The value and impact of scientific data increase when all researchers within a community are able to share knowledge and interact with one another (Michener and Jones, 2012; Chamanara and König-Ries, 2014), and data sharing initiatives are invaluable opportunities to this end. In this manuscript, we report the main lessons that we have learnt in the 15 years of the Euromammals project for collaborative science in animal spatial ecology. In particular, re-using data to scale up from single study areas to a broader range of habitat conditions allows to address more generalisable scientific goals and support decision making (Applegate, 2015). Conversely, it requires that data are harmonised, managed and stored beyond the scope they are collected for. These are the premises that since 2007 pushed an increasing number of European institutes and organisations studying or managing terrestrial mammals to join Euromammals. The species-specific Euromammals scientific networks have created, populated and managed shared databases that are a fertile laboratory to identify challenges and opportunities in collaborative science that we have summarised here. The establishment of a collaborative network was achieved through the involvement of those who collected the data in all stages, from data quality checks, to financial support and production of scientific outputs. We had to adapt our approach to data management multiple times to take into account issues and opportunities that arose as data types and network requirements evolved over time, so that a diffused, basic knowledge of data management was of great aid to the success of the initiative. These good practices and critical points can help address solutions that are currently being developed by larger standardisation and data sharing initiatives (Sequeira et al., 2021).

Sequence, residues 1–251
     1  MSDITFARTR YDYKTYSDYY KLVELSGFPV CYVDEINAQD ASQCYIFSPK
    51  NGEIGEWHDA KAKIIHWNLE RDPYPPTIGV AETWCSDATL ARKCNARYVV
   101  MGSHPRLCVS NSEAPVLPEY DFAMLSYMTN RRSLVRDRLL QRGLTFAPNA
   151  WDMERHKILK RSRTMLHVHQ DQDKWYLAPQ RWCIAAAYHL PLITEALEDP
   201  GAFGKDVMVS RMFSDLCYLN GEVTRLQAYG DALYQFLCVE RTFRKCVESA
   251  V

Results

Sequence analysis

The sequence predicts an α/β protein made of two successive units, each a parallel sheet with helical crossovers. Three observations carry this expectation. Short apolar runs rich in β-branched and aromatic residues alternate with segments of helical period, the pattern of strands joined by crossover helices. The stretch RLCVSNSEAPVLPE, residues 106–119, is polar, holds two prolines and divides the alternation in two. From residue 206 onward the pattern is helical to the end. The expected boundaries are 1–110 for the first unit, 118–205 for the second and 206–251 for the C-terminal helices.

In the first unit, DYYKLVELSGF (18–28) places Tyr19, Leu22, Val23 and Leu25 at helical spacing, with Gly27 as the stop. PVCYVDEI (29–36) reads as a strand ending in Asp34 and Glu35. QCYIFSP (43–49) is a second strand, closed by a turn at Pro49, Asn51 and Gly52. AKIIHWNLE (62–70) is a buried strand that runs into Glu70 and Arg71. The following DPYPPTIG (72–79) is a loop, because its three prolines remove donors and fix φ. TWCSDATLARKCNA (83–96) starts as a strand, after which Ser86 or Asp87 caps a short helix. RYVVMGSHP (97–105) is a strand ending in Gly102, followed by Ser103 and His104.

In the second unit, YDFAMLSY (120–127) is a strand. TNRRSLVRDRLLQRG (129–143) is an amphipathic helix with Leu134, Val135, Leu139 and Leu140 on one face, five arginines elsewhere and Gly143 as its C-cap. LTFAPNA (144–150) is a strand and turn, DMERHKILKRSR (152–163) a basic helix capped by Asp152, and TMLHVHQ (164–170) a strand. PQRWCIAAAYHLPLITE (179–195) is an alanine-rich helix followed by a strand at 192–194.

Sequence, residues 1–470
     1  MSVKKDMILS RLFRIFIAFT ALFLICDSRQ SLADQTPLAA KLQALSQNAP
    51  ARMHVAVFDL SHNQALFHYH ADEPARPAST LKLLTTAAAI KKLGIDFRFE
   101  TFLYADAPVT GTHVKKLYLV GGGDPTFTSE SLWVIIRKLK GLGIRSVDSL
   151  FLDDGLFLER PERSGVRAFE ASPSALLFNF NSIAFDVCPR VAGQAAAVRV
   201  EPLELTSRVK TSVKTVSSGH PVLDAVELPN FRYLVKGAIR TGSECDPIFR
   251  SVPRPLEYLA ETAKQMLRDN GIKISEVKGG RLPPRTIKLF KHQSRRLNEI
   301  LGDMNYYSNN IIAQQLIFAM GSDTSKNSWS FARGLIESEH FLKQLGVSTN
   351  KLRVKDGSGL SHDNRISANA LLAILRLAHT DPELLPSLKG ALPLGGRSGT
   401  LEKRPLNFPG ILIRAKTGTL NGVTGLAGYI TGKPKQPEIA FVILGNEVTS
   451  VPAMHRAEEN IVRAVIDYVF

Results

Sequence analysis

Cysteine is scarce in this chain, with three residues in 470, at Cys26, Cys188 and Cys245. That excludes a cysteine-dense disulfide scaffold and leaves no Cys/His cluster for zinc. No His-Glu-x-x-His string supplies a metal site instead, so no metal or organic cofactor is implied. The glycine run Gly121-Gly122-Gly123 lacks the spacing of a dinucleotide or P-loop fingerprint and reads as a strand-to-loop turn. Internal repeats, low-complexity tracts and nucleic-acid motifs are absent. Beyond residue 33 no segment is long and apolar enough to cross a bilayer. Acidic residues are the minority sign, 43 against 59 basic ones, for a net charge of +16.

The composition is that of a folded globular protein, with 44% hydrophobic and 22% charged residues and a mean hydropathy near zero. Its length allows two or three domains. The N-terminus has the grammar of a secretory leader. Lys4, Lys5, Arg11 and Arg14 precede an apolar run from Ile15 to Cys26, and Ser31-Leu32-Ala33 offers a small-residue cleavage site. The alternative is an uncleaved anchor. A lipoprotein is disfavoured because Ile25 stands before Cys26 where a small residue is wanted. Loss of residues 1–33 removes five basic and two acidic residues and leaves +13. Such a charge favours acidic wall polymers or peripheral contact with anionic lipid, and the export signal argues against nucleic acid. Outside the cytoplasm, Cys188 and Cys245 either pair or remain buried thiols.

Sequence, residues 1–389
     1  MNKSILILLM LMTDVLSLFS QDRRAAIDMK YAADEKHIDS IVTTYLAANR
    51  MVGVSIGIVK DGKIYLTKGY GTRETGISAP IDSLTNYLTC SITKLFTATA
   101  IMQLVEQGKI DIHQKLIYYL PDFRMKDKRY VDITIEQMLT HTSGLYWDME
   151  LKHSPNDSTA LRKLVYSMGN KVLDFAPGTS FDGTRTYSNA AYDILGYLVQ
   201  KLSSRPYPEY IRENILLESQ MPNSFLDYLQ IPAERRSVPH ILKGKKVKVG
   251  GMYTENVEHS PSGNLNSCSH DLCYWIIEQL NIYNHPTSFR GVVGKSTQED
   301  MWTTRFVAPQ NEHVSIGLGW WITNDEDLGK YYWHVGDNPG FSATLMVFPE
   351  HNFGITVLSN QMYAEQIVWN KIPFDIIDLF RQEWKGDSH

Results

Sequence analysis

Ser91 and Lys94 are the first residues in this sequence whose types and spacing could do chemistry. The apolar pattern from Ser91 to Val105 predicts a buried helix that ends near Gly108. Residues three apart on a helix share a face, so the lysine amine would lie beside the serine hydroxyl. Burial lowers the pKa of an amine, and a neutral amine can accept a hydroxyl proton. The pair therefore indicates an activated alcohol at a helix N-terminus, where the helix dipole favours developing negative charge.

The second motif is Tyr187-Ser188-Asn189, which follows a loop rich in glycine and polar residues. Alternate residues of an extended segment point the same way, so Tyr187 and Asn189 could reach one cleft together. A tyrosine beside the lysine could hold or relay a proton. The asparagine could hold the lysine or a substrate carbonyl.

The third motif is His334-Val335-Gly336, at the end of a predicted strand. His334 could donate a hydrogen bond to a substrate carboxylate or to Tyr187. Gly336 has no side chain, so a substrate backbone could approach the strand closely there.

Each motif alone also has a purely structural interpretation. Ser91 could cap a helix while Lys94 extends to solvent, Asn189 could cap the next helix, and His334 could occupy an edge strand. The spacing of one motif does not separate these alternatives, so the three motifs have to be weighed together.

According to our experience, quality of shared data is an issue that is often overlooked, assuming that formal and automated controls are sufficient to provide reliable information. Once published in a repository, though, issues may remain hidden to final users. We recommend putting in place more active, controlled and scrupulous review before data are made available in shared repositories. In our case, an intermediate step of data sharing closer to the specific scientific community, before sharing the data into generalist repositories represented an incredible added value to obtain better science-based information. In Euromammals, an insufficiently formalised definition of monitoring events or procedures was observed as a common reason for data inconsistency or incompleteness, even when recorded from bio-logging sources. In particular, to be fully effective, we realised that standardisation should start from data collection protocols. Ancillary, complementary data of individual life- and capture-history, cause of death, sensor retrieval and malfunctioning, as well as on population-level general descriptors (presence of competing species, hunting regime, intensity of tourism, presence of artificial feeding) also strongly contribute to a well-informed and robust use of bio-logging data sets. Such information is mostly species-specific, and difficult to generalise, but it can be refined as new questions or observations emerge from the users. Remote-sensing data are of great aid in obtaining standardised descriptors of the environmental context of the studied species, but should also be used coherently to their spatio-temporal resolution and potential sources of bias.